The insider threat today is not just about the security of your enterprise’s data. It’s also about knowing that your organization has developed the right policies and procedures to prevent inadvertent disclosures or blatant misuse of corporate computer resources from becoming a hole filled with legal quicksand.
Today’s regulatory environment is such that the stars are perfectly aligned for an example to be made of somebody—a company or government agency. And whoever the unfortunate soul is who sits atop the corporate chain of command at that time, he or she will wish they had taken the time to answer the following ten questions and implement the appropriate changes in their organization.
Question 1. What types of information must be protected by internal controls according to Sarbanes-Oxley?
Answer: Unauthorized disclosure of nonpublic data is a violation of federal securities laws. Information should be considered nonpublic if it isn’t widely disseminated to the general public, including electronic information. This information should be protected, but it should also be monitored to ensure it isn’t disclosed inappropriately.
Section 404 describes management’s responsibility for building internal controls around the safeguarding of assets related to the timely detection of unauthorized acquisition, use or disposition of an entity’s assets that could have a material effect on the financial statements. You need to demonstrate that you have the capabilities to monitor, detect and record electronic information disclosures.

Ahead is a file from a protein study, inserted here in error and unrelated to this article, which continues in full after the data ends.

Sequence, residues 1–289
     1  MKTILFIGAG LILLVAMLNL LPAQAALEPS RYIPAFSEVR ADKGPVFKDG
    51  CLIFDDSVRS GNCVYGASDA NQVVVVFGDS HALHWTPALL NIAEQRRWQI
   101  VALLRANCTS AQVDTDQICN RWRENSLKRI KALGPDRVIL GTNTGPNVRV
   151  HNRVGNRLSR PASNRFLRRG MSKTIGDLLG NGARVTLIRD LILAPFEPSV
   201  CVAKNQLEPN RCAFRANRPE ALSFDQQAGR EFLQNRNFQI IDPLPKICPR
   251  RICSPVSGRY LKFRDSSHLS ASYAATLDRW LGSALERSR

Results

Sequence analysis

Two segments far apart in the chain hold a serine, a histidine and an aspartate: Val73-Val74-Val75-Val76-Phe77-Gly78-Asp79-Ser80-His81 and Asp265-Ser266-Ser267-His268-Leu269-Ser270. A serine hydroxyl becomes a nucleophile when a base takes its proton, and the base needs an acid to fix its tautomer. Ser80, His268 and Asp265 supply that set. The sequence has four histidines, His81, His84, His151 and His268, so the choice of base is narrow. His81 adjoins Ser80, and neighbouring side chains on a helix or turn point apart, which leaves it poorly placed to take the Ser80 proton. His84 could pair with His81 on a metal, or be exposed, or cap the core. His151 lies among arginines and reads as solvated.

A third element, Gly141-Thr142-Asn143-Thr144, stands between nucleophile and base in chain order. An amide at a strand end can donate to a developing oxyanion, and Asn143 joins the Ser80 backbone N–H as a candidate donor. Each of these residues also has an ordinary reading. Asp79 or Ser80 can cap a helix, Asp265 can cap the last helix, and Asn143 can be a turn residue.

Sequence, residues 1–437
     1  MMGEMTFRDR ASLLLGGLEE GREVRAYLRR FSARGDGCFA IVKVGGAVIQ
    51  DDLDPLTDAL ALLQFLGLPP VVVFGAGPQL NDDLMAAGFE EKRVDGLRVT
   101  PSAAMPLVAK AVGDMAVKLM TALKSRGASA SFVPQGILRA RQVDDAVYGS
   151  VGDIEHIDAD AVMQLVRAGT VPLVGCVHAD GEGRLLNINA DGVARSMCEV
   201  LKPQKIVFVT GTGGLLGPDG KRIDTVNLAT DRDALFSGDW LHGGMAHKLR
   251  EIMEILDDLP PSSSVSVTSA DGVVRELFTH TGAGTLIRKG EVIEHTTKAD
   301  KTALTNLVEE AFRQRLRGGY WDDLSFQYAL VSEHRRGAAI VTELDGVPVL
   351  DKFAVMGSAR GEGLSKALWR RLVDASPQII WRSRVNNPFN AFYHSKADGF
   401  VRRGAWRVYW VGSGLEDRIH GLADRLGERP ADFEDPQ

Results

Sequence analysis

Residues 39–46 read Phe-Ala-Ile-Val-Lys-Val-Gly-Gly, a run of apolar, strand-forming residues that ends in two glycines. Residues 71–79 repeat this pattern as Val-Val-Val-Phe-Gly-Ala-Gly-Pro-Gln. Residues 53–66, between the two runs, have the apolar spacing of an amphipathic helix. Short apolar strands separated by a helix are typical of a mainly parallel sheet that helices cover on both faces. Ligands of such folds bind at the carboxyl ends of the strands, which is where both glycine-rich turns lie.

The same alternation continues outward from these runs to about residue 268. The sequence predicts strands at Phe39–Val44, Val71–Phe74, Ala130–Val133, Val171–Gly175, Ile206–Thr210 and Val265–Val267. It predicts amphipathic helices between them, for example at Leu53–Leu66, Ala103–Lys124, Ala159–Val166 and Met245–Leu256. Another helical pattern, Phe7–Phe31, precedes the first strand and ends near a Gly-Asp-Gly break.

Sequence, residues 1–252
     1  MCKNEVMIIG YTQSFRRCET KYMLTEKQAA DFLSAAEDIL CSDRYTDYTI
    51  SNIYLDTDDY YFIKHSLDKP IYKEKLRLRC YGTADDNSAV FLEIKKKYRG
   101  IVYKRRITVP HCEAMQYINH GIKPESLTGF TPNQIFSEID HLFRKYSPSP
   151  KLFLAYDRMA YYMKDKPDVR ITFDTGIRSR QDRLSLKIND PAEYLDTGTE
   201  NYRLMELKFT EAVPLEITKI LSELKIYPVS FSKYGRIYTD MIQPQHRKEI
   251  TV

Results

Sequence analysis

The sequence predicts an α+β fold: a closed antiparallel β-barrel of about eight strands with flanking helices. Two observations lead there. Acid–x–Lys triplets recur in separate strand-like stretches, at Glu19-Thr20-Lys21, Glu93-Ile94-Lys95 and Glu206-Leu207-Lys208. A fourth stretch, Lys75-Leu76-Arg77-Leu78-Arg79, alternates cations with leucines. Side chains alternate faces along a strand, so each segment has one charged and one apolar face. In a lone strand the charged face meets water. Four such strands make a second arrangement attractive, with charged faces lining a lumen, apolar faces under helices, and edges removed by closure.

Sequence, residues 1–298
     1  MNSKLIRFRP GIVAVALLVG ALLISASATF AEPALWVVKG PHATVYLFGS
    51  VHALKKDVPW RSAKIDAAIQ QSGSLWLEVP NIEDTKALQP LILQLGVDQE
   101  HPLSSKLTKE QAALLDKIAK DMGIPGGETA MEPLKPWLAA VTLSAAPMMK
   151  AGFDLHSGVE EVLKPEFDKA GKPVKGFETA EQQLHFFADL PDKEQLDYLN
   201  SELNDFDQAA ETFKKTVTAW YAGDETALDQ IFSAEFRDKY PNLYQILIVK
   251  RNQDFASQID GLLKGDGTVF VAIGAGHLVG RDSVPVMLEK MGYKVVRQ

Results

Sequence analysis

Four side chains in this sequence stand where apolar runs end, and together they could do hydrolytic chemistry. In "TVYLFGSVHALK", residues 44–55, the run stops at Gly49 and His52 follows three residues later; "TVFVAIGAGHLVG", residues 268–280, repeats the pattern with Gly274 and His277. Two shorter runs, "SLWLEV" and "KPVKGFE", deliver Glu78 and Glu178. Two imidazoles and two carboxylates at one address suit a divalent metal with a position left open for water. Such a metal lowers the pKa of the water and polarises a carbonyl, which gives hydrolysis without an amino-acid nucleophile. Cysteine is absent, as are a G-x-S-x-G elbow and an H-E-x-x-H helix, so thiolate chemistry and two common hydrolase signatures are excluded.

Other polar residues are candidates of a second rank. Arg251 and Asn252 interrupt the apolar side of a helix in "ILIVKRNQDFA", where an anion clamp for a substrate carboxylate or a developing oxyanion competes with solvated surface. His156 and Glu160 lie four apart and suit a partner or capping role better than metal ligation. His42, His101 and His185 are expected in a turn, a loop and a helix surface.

Question 2. Since so much nonpublic information is communicated beyond e-mail based on the Simple Mail Transfer Protocol, how can we build internal controls to adequately detect the timely disclosure of information flowing over Web mail, chat or HTTP?
Answer: Management can’t ensure the truthfulness or accuracy of financial data if it doesn’t have the means to monitor the movement of sensitive information across the entire corporate network 24 hours a day, seven days a week.
Demand more from technology. New products are available that can monitor electronic disclosure of nonpublic information and aren’t limited to SMTP-based e-mail. These technologies can monitor, record and provide alerts on electronic disclosures by analyzing all information flowing over the corporate network from Web mail and chat to file transfer protocol and HTTP. This type of monitoring technology combined with a storage system that allows forensic searches into stored information can prove invaluable if an investigation is required.
Question 3. What are the penalties for exposing nonpublic information?
Answer: The use of nonpublic information concerning a company or any of its affiliates (a.k.a. “inside information”) in securities transactions (“insider trading”), may violate federal securities laws. Penalties can include:
- Exposure to investigations by the SEC.
- Criminal and civil prosecution.
- Relinquishing profits realized or losses avoided through use of the information.
- Penalties up to $1 million or three times the amount of any profits or losses, whichever is greater.
- Prison terms of up to 10 years.
Question 4. What action should a company take if nonpublic information is inappropriately exposed on its network?
Answer: If nonpublic information is inappropriately disclosed on your network, you must rapidly execute a response program to identify the extent of the exposure, assess the effect on the corporation and its customers, and notify all affected parties.